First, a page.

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13 Oct. 2009 | Comments (0)

Directors, general counsel, C-level executives and others involved in corporate governance may want to take note of the SEC’s draft Strategic Plan for Fiscal Years 2010-2015. For starters, the plan of more than 70 initiatives is a lot more specific and prescriptive for its staff than the previous five-year plan in 2004 and it includes performance metrics to measure the agency’s ability to achieve its four goals. [caption id="attachment_99" align="alignright" width="131" caption="SEC Five-Year Strategic Plan Draft"]SEC Five-Year Strategic Plan Draft[/caption] The SEC is planning on issuing investor alerts and other education efforts designed to arm investors in their own first line of defense against fraud and help them understand both intermediaries and new products. With the SEC under intense scrutiny for lax enforcement during the Bush administration highlighted by the Bernard L. Madoff Ponzi scheme, companies may want to look at Strategic Goal No. 2: Establish an Effective Regulatory Environment. Having already proposed a myriad of governance-related rules and amendments – shareholder proxy access and disclosure regulations regarding compensation policies, company leadership structure and the board’s role in risk management – the SEC under Chairman Mary Schapiro is intent on changing the way it enforces its regulations. This is the third such five-year plan the SEC has created under the 1993 Government Performance and Results Act. If you wish to comment on the draft five-year plan, the SEC asks that you send letters to strategicplan@sec.gov by Nov. 16. The SEC spells out its principles for securities regulation: “First, all investors should have equal access to accurate, complete and timely information about the investments they buy, sell and hold. Second, investors should be able to rely upon self-regulatory organizations, broker-dealers, investment advisers, investment companies, and other market participants to conduct investors’ securities transactions efficiently and in the investors’ best interests.” As part of the effective regulatory environment goal, it plans on achieving three outcomes:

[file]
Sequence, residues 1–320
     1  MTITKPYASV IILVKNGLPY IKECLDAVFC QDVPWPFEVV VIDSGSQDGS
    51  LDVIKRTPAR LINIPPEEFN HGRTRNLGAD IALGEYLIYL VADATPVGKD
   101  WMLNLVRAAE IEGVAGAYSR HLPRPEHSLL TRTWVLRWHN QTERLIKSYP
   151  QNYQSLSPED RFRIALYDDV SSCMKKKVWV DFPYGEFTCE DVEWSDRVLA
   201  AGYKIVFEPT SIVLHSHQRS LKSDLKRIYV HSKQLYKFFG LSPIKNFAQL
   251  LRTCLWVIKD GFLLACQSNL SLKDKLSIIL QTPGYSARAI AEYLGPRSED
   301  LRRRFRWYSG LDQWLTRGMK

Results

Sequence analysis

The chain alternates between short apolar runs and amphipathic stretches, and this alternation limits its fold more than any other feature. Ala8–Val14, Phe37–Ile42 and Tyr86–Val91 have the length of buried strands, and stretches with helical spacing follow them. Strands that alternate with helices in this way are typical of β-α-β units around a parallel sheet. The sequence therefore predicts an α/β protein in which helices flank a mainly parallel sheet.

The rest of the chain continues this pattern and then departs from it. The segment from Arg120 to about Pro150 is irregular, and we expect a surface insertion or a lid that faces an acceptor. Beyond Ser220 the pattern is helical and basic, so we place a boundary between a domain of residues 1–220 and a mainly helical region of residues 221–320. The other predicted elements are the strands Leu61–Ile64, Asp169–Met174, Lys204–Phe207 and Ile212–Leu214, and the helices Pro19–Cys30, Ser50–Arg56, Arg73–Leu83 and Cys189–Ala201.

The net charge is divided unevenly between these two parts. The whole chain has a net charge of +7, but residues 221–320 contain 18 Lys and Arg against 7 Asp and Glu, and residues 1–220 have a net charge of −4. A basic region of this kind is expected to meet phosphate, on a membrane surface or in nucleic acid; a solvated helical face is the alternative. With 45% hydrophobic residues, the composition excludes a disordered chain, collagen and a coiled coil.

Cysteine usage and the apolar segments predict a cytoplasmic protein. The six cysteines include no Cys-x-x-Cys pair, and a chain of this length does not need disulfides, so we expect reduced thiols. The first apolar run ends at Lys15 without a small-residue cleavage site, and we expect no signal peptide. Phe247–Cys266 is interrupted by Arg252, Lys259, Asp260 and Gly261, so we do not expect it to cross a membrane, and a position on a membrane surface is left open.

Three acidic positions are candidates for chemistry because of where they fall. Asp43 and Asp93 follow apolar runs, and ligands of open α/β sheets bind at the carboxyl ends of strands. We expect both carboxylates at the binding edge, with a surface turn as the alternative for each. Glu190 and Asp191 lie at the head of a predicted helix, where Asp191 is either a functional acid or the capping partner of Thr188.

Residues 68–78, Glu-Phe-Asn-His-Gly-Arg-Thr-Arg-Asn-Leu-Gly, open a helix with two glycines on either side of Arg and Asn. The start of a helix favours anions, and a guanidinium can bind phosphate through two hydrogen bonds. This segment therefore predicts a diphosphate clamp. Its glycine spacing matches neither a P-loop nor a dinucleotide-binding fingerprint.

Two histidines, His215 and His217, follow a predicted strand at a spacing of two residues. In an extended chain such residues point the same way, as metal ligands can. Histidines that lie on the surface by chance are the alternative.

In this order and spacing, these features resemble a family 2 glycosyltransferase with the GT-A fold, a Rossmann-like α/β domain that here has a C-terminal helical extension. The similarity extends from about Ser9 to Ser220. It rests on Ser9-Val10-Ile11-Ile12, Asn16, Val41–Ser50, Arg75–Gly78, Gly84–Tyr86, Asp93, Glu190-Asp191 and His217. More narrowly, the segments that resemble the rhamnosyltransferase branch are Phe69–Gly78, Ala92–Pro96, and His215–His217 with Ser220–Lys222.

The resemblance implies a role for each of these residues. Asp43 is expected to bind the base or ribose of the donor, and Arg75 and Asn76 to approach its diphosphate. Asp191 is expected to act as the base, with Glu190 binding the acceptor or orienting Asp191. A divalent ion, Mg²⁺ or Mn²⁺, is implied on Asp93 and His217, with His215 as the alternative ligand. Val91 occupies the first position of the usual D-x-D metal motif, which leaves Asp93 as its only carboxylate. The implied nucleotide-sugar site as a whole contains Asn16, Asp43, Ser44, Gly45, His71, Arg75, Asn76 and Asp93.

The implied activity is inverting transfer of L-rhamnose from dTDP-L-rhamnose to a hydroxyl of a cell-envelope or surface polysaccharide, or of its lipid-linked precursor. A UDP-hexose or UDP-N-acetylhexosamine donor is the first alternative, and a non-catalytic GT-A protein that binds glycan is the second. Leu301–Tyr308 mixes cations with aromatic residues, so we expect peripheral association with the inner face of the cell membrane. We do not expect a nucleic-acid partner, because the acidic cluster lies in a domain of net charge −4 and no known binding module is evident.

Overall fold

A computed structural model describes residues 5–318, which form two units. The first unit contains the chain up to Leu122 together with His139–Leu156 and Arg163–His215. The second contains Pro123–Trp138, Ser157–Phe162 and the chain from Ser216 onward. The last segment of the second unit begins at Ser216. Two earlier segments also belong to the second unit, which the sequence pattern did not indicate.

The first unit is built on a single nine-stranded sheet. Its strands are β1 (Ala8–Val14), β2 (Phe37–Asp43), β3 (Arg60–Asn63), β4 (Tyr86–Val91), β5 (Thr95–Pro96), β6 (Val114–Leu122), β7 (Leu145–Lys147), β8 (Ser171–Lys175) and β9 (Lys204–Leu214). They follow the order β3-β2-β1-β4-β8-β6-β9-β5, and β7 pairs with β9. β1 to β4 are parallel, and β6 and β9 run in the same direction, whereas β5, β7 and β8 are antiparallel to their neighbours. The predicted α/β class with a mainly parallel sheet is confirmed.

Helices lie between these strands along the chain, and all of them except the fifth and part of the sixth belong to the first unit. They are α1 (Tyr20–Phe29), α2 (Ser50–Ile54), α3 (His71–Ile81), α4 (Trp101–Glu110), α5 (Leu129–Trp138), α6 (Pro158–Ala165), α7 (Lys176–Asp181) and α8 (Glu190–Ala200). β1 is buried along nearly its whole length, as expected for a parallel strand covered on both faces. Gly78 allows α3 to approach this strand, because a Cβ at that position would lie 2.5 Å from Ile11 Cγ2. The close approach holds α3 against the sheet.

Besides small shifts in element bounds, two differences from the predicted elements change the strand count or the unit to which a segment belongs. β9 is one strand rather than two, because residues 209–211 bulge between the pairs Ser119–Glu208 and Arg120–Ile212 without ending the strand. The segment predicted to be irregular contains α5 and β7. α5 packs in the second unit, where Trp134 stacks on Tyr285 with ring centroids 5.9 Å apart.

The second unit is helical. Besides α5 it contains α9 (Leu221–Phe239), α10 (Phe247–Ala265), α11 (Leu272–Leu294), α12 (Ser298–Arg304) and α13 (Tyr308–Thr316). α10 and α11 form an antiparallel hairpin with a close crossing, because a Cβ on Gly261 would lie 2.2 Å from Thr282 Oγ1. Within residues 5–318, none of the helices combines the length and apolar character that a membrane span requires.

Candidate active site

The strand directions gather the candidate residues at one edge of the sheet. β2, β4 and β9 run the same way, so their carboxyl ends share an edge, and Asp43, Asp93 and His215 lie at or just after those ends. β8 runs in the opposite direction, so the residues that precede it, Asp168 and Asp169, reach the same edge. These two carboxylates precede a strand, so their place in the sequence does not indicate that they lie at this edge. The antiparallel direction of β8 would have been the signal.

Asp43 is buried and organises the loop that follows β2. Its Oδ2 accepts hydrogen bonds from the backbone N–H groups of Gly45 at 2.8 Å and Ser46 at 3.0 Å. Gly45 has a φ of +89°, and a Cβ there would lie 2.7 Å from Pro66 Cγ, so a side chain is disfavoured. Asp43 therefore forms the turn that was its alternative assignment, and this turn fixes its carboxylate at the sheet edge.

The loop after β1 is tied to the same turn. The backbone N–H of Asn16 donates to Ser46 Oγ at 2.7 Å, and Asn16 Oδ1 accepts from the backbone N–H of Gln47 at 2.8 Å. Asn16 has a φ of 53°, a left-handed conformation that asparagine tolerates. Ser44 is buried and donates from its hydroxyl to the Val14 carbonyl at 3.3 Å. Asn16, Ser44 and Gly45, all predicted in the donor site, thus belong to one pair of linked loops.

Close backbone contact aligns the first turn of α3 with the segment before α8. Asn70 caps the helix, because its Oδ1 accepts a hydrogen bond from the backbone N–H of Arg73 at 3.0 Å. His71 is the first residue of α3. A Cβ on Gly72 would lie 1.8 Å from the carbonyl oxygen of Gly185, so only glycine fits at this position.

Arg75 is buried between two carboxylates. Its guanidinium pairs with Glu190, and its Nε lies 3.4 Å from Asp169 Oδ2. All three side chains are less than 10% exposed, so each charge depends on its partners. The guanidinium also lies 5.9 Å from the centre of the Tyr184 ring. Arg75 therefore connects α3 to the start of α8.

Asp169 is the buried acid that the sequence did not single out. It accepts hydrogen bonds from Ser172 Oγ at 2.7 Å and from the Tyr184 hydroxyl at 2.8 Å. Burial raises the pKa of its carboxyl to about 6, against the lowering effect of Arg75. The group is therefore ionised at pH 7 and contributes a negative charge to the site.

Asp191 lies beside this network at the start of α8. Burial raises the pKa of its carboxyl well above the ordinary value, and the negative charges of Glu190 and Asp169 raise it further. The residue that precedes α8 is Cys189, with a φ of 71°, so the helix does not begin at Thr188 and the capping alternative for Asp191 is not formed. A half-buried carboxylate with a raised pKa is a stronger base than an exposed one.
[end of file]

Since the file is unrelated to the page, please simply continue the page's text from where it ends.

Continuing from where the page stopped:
• The SEC establishes and maintains a regulatory environment that promotes high-quality disclosure, financial reporting, and governance, and prevents abusive practices by registrants, financial intermediaries, and other market participants.
  • The U.S. capital markets operate in a fair, efficient, transparent, and competitive manner, fostering capital formation and useful innovation.
  • The SEC adopts and administers rules and regulations that enable market participants to understand clearly their obligations under the securities laws.
If you were thinking this SEC under Schapiro was not going to take up such  hot button issues like proxy access, risk management disclosure, separation of chair and CEO, executive compensation and international financial reporting standards, forget it. Just look at what is listed under Outcome 2.1:
  • Improve the quality and usefulness of disclosure – Areas of focus will include disclosure about risk management, executive compensation decisions and practices, nomination of directors, board governance and discussion and analysis of results of operations and financial condition.
  • Strengthen proxy infrastructure.
  • Promote high-quality accounting standards – Support a single set of high-quality global accounting standards and promotion of the ongoing convergence initiatives between the FASB and the IASB.
Among the many metrics the SEC will use to measure its own progress is a survey of financial analysts and institutional investors on the quality of disclosure, the percentage of transaction dollars settled on time each year, the speed of execution of transactions in the securities markets and the length of time to respond to written requests for no-action letters, exemption applications and written interpretive requests. By the way, the other goals for 2010-2015 plan are:
  • Foster and enforce compliance with the federal securities laws.
  • Facilitate access to the information investors need to make informed investment decisions.
  • Enhance the commission’s performance through effective alignment and management of human, information, and financial capital.

‘Doctrine of no surprises’ Not a Goal this Time

If you want to get an idea how much priorities can change at the SEC in five years, take a look at the last strategic plan in 2004. Look at what Broc Romanek of TheCorporateCounsel.net wrote back then (The SEC’s 5-Year Plan, Aug. 10, 2004). He writes that Chairman William Donaldson touted how the “new Office of Risk Assessment is leading the way to implement the ‘doctrine of no surprises.’” Guess no matter how much you try, they’ll always be surprises.
  • About the Author:Gary Larkin

    Gary Larkin

    Gary Larkin is a research associate in the corporate leadership department at The Conference Board in New York. His research focuses on corporate governance, including succession planning, board compo…

    Full Bio | More from Gary Larkin

     

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